NEW YORK -- That faint but growing hope of making the playoffs is having strange effects on the Charlotte Hornets.
Dell Curry: "When I glance at the standings now, I start from the bottom and work my way up."
Kendall Gill: "I was upset when Chicago didn't beat Indiana this week."
The Hornets are hesitant to admit it, but they are conscious of the playoff race. Their five-game winning streak is the longest in the NBA. Entering last night's games, the Hornets were 4 1/2 games out of a tie with the New Jersey Nets and Miami Heat for eighth place in the Eastern Conference. The top eight teams in each conference make the playoffs.
The chance of Charlotte making up those 4 1/2 games is still remote -- the Nets, Heat, Indiana Pacers and Milwaukee Bucks all stand between the Hornets and the playoffs. But the mere idea that Charlotte has a shot has made the Hornets livelier in March than ever before.
"We should think about [making the playoffs]. This gives us something to play for, something to shoot at," Hornets center Kenny Gattison said. "And no, it's not too much ground to make up."
In one sense, that's true. The Hornets' recent hot streak of 10 wins in 13 games already has cut five games out of the Hornets' deficit in the playoff hunt. But making up those last 4 1/2 games, with all the involved teams playing each other down the stretch, will be extremely difficult.
"I'm the most optimistic person in the world, but it would take a miracle," Hornets coach Allan Bristow said. "I'll have a better feel after the three games coming up [at New York, home against Minnesota and at Dallas]. But even if we won those three, it would take a minor miracle to do it."
Bristow is worried that a playoff goal could become more a distraction than an incentive, particularly if the Hornets cool off and drop out of the race.
"I don't want them losing their focus after we're out of it," Bristow said.
That thought also has occurred to veteran center Mike Gminski, who has the most playoff experience among the Hornets -- seven appearances with New Jersey and Philadelphia. Gminski said it's dangerous if the Hornets start counting games the way some investors track stock quotations.
But Gminski also knows the Hornets could do it, and he speaks from personal experience.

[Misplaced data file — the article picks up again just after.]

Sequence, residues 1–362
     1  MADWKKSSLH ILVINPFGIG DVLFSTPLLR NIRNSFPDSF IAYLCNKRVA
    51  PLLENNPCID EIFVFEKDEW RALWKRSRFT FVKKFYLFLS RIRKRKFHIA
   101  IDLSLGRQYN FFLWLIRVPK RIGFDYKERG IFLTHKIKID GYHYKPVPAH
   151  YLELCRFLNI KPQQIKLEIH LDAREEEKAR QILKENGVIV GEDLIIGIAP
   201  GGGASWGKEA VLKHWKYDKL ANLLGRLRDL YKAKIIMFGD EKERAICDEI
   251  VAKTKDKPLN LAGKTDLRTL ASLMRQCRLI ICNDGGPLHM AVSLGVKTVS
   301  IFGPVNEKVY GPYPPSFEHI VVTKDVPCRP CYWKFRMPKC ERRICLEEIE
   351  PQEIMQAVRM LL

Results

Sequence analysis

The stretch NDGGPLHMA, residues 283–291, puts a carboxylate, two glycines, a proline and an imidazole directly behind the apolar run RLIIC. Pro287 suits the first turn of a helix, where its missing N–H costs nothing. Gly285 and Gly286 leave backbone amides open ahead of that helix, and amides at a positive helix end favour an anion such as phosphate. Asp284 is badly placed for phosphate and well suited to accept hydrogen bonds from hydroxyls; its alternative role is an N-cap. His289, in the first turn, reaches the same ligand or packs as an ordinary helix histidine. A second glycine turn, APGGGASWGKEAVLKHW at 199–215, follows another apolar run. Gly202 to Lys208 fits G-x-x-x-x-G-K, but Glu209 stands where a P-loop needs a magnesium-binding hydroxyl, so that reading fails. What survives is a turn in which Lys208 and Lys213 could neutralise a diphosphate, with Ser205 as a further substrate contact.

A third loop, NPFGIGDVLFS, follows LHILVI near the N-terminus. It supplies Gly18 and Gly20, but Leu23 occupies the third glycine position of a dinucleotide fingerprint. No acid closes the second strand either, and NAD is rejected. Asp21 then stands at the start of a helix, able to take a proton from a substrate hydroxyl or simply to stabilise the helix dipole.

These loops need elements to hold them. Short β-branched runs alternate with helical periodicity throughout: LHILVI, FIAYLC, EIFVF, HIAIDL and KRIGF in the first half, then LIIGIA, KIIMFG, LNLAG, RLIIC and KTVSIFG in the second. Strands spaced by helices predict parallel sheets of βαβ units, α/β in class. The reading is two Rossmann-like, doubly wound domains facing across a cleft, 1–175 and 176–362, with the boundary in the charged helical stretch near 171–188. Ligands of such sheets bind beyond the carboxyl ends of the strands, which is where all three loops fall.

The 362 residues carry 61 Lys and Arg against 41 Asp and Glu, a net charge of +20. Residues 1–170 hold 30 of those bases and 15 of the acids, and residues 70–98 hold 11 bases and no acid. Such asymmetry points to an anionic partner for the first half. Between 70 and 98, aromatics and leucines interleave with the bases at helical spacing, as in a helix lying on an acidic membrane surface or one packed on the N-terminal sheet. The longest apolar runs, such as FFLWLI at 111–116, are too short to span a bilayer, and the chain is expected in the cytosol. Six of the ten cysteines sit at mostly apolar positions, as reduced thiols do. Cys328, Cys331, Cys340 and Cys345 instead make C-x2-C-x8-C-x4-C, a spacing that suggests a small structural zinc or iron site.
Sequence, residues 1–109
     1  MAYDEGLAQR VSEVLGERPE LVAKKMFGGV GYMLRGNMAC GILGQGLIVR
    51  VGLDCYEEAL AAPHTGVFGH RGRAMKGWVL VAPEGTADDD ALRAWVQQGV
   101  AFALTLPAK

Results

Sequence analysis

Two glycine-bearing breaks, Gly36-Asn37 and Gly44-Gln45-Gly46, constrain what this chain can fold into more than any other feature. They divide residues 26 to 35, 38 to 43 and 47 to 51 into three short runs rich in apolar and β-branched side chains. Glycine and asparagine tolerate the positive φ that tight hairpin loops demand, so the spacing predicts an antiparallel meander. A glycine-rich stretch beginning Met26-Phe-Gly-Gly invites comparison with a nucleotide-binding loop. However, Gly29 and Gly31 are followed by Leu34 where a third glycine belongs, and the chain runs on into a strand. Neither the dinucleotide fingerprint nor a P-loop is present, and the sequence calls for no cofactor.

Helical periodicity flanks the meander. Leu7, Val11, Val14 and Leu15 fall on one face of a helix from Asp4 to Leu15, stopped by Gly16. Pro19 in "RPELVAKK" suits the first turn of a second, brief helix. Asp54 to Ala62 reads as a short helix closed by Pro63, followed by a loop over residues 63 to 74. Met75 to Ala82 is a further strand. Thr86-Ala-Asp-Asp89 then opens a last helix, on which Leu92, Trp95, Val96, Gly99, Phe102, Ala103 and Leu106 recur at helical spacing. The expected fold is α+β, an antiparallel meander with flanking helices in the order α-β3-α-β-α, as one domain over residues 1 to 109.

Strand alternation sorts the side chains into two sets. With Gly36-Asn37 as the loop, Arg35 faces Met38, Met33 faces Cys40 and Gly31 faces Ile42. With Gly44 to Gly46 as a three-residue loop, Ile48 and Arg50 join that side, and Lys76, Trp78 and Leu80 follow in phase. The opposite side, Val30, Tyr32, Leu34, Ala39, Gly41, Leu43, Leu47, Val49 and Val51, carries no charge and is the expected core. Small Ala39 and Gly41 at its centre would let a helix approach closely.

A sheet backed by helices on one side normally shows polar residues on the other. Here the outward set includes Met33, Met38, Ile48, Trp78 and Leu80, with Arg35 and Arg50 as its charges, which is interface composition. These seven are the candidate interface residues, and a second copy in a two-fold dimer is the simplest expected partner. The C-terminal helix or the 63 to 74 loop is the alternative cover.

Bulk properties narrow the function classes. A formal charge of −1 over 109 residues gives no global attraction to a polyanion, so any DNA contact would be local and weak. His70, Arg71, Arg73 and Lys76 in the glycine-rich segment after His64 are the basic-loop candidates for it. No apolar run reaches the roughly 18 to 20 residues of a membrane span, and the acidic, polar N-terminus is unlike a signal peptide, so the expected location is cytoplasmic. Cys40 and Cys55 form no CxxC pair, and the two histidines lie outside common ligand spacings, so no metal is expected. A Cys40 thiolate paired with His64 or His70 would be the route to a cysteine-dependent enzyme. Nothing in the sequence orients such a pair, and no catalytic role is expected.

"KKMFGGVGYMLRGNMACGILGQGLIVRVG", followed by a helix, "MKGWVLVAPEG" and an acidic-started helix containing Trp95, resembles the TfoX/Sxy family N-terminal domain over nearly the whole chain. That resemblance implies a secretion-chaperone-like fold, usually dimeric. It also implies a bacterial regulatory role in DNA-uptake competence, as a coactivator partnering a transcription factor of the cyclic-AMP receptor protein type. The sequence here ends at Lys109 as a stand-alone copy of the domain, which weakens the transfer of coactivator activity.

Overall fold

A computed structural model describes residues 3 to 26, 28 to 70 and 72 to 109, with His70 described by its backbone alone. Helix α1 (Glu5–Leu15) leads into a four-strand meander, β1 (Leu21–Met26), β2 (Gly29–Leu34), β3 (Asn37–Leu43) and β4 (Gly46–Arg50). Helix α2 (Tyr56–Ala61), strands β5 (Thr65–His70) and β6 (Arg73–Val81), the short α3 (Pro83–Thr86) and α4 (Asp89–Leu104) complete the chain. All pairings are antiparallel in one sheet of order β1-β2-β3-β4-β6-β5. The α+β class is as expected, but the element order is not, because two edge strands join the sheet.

"We can't sit down, look at the schedule and start counting wins and losses," Gminski said. "The way we got here was playing one game at a time, and not looking ahead."
"There's a lot of sloshing around at the bottom of the divisional races, a lot of teams wallowing in mediocrity," Gminski said. "Strange things are happening in this league, and one thing that's not strange is us -- we're playing very good basketball."
Gminski cited the Nets team he played for under Larry Brown that started 2-12 but finished the regular season with 48 victories. He also noted that the season the Seattle SuperSonics won the NBA title, they started 6-16.
"It's a long season. Teams surge and fade, and it takes a while to get going sometimes," Gminski said. "We've got as good a chance as any of these teams."
The biggest thing working for the Hornets is the weakness in the middle of the Eastern Conference this season. If the season ended today, the seventh and eighth seeds would have sub-.500 records.
The biggest thing working against the Hornets is their schedule down the stretch. Thirteen of the remaining 24 games are on the road.
Winning road games is so rare in the NBA that many coaches, Bristow included, chart their records with a plus-minus system.
Essentially, a team gets a plus-one for winning on the road and a minus-one for losing at home. Breaking even in that system virtually locks up a playoff spot in the Eastern Conference this season.
Under that system, the Hornets are a minus-8, a huge disadvantage. By comparison, Miami and Indiana are each minus-2, New Jersey is minus-3 and Milwaukee is minus-4.